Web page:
And because Abraham's work is purely symbolic, it invites interpretation. There is the artist to consider. Abraham's large, beautifully colored canvases are creative expressions of Abraham's intellectual and emotional depth and of his ability to discover the relationships he can find in both chaos and order. They tell us he is comfortable with the unfathomable and requires only a point of view to occupy it.

As for the images themselves, they connote a host of possibilities, most obviously those having to do with matter itself, how it is universally comprised, universally beautiful, universally proportional. Abraham's work modulates these universalities by his desire to seek and find something new.

What's especially interesting about Abraham's images is how they allow us not only to imagine new landscapes, but also to look back upon remembered vistas. In their longing for the future, his works grow ironically elegiac, not so much because they speak to issues of changing space and time, but because they depict a part of human life that is increasingly lost to us: rural, domestic life. No longer do we live in single family homes set apart one from another in the vastness of rural space. Most of us can no longer step out of doors, either alone or in the company of others, to observe the stars. They are gone. In our modern world, we are both isolated in our cities and confounded by artificial light. In these ways, we are disconnected from all previous peoples who looked upon the stars, contemplated them, and were thus enjoined in a speculative community that included sparkling light.

Especially in Abraham's larger images is this additional reproof for the way we live now: with ourselves firmly, if not wisely, ensconced at the center of our own lives, we have forgotten the universe and imagine ourselves alone and unspeakably large. It's evident in the way we enact dominion here on earth—without remembrance, without forethought, and without eyes and ears for the volubility of stars.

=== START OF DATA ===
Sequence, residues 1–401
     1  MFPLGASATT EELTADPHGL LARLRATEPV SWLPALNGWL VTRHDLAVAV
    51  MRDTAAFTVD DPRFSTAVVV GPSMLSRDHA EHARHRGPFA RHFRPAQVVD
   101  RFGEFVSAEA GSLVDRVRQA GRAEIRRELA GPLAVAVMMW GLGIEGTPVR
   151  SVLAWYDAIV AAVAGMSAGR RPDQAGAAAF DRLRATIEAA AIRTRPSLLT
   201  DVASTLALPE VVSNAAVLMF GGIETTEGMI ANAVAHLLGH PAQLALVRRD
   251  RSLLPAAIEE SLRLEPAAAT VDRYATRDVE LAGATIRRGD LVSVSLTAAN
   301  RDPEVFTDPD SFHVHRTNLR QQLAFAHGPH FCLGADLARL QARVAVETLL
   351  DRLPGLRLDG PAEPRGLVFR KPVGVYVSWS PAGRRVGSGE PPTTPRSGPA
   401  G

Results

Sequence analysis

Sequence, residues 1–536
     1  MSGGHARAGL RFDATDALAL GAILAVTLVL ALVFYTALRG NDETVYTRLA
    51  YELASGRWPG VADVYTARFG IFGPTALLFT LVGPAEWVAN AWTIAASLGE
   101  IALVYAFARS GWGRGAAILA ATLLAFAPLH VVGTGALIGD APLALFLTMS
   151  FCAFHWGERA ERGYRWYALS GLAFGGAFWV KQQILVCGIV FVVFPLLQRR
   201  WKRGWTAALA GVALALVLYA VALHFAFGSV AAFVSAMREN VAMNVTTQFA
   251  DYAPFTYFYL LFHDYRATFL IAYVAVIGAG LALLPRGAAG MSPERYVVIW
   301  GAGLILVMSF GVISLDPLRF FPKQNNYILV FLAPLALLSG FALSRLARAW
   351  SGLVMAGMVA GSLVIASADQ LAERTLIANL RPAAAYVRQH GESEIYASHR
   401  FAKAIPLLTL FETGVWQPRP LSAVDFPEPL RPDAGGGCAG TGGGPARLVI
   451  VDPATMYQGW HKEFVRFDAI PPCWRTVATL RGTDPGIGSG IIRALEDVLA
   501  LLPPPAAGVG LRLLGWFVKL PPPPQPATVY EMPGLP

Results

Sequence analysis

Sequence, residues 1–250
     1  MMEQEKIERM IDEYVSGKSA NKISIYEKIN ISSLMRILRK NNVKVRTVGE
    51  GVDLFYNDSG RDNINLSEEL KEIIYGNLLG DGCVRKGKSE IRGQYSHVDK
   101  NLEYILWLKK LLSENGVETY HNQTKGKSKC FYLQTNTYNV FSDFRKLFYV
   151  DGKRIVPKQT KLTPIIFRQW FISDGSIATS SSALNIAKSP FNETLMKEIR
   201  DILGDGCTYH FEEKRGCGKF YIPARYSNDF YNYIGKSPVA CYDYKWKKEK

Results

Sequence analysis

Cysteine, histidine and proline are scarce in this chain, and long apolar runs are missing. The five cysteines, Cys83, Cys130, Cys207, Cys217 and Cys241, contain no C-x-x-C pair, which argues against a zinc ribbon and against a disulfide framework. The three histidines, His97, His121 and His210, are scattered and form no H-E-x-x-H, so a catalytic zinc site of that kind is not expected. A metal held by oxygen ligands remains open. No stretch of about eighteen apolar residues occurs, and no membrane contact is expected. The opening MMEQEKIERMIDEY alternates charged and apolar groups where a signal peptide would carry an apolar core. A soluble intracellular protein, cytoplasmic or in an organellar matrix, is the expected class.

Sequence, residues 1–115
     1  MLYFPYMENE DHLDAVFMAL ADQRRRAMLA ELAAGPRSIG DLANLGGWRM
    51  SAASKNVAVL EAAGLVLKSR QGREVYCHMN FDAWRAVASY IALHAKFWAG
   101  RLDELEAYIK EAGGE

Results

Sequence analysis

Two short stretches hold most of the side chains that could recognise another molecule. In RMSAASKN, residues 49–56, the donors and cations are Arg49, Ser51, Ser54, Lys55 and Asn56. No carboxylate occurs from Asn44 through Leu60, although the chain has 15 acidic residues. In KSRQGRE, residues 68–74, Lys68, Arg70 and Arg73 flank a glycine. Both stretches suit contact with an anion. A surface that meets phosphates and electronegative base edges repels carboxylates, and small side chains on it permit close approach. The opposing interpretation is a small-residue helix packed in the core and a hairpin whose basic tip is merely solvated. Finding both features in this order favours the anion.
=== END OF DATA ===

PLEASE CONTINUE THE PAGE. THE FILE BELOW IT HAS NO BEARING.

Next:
Abraham gives us versions of these stars, newly conceived and newly articulate. To enjoy them, one need only to stop and take a fresh look.

John A Haslem, Jr.

Let our readers know who you are, where you are from and what kind of art you create?

My name is Kim Abraham and I live in Maryland. After living in the east, west, north and south, I have always been fascinated with the concept of place, and have most often chased the notion of landscape. My painting has evolved to express a nod towards what is hidden and ephemeral both underneath our feet and above our heads-those tiny micro and macro infinite places. Since the earlier days in my native South, I have studied and painted trees, water, clouds, rocks, sticks, bugs, stars, and everything else encountered as we walk through our day to try to get at something that stirs me.

I sense an extra dimension in shapes that wiggle around each other and by each other defying or defining depth and scale as I paint through my vision of reality. These visions lately have lost any sense of gravity and I am playing with the notion of stars and space with insects and microbes to explore my own universe in the studio.

What is your favorite piece of art that you have done?

Favorite piece -That is a trick question as there is no such thing for me. Perhaps a piece that I keep looking into and listening to is “Fish Tale” done recently. Oil on Linen.

Kim Abraham on artline
Fish Tale, 2015. oil on linen

Show & Tell us about your workspace and the tools you use. (brushes, charcoal, steel, lasers?)

My place to think-my studio is not large, but is cozy and chaotic. I work with different mediums, but mostly oils-I love the smell. I also use only linen-beautiful stuff. I often use most anything that can make a mark and prefer invented tools. Although I do like to use large flat handle soft bristle brushes, I have forsaken all the rules about large brushwork, and use many small brushes that allow my painting to feel like I am also drawing. No hard bristle-only sable and soft hair brushes.